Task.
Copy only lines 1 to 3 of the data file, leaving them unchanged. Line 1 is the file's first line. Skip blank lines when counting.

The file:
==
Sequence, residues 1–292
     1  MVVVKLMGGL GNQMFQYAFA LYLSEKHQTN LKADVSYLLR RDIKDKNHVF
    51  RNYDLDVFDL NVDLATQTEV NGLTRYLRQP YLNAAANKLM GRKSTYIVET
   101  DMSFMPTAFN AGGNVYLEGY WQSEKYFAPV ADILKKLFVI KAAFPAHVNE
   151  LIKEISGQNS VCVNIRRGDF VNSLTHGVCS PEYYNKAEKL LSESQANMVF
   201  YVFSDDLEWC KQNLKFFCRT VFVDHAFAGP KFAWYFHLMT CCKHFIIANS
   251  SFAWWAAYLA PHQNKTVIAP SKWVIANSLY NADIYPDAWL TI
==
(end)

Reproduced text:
Sequence, residues 1–292
     1  MVVVKLMGGL GNQMFQYAFA LYLSEKHQTN LKADVSYLLR RDIKDKNHVF
    51  RNYDLDVFDL NVDLATQTEV NGLTRYLRQP YLNAAANKLM GRKSTYIVET